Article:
IBOutlet should be strong, for performance reason. See Storyboard Reference, Strong IBOutlet, Scene Dock in iOS 9
As explained in this paragraph, the outlets to subviews of the view
controller’s view can be weak, because these subviews are already
owned by the top-level object of the nib file. However, when an Outlet
is defined as a weak pointer and the pointer is set, ARC calls the
id objc_storeWeak(id *object, id value);
This adds the pointer
(object) to a table using the object value as a key. This table is
referred to as the weak table. ARC uses this table to store all the
weak pointers of your application. Now, when the object value is
deallocated, ARC will iterate over the weak table and set the weak
reference to nil. Alternatively, ARC can call:
void objc_destroyWeak(id * object)
Then, the object is
unregistered and objc_destroyWeak calls again:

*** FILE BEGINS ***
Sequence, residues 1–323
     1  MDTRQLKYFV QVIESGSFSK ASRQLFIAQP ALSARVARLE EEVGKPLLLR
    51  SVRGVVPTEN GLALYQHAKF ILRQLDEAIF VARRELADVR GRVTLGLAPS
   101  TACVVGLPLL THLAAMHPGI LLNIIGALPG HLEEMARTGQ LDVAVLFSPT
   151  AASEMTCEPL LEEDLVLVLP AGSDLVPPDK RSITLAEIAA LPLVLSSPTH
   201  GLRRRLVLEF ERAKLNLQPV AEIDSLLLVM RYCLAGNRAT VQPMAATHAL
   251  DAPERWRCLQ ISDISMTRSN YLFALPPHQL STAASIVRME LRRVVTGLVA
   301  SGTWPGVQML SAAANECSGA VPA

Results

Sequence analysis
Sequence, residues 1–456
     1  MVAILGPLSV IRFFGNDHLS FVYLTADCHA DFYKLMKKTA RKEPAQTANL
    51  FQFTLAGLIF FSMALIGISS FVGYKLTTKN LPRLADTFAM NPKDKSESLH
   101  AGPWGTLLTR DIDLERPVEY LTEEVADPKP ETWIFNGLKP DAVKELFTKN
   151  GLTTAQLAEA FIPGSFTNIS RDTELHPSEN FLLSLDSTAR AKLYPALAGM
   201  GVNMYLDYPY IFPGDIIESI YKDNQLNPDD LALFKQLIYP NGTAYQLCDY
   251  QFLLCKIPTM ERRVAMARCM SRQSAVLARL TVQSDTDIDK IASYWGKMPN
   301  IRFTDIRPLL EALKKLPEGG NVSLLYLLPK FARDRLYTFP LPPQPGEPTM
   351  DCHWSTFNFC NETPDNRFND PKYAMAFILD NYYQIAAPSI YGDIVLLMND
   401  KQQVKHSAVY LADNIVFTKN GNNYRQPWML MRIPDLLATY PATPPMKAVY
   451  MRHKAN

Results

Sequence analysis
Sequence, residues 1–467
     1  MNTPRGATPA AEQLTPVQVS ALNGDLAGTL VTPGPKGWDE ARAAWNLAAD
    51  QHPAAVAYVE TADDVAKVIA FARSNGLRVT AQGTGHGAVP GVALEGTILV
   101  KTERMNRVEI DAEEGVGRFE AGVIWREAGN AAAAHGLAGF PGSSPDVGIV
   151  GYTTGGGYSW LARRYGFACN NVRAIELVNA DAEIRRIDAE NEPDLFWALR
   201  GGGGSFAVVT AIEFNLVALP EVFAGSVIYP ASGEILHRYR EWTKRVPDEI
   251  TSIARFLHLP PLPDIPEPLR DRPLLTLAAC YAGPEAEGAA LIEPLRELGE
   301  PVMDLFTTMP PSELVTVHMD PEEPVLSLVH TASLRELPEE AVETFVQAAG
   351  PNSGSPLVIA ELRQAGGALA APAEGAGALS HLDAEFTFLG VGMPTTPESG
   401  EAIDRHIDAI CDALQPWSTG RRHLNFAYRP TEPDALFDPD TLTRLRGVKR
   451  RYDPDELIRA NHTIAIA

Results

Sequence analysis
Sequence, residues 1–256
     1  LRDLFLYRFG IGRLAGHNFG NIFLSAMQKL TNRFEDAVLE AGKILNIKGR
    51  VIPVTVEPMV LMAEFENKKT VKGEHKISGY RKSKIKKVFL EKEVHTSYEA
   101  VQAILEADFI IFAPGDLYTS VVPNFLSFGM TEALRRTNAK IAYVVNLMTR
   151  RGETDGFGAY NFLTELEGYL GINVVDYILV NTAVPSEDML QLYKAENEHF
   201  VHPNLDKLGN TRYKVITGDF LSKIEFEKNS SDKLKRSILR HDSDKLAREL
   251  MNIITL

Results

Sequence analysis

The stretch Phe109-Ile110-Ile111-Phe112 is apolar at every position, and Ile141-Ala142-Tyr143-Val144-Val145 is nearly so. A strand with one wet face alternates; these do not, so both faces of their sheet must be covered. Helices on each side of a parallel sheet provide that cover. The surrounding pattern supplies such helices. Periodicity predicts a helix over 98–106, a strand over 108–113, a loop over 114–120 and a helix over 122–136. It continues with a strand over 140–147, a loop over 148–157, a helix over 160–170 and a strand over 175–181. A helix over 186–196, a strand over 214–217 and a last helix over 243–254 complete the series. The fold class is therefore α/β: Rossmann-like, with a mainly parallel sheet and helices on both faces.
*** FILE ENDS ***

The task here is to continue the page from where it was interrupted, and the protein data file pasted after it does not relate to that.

objc_storeWeak(id *object, nil)
This book-keeping associated
with a weak reference can take 2–3 times longer over the release of a
strong reference. So, a weak reference introduces an overhead for the
runtime that you can avoid by simply defining outlets as strong.
As of Xcode 7, it suggests
If you watch WWDC 2015 session 407 Implementing UI Designs in Interface Builder, it suggests (transcript from http://asciiwwdc.com/2015/sessions/407)
And the last option I want to point out is the storage type, which can either be strong or weak.
In general you should make your outlet strong, especially if you are connecting an outlet to a sub view or to a constraint that's not always going to be retained by the view hierarchy.
The only time you really need to make an outlet weak is if you have a custom view that references something back up the view hierarchy and in general that's not recommended.
So I'm going to choose strong and I will click connect which will generate my outlet.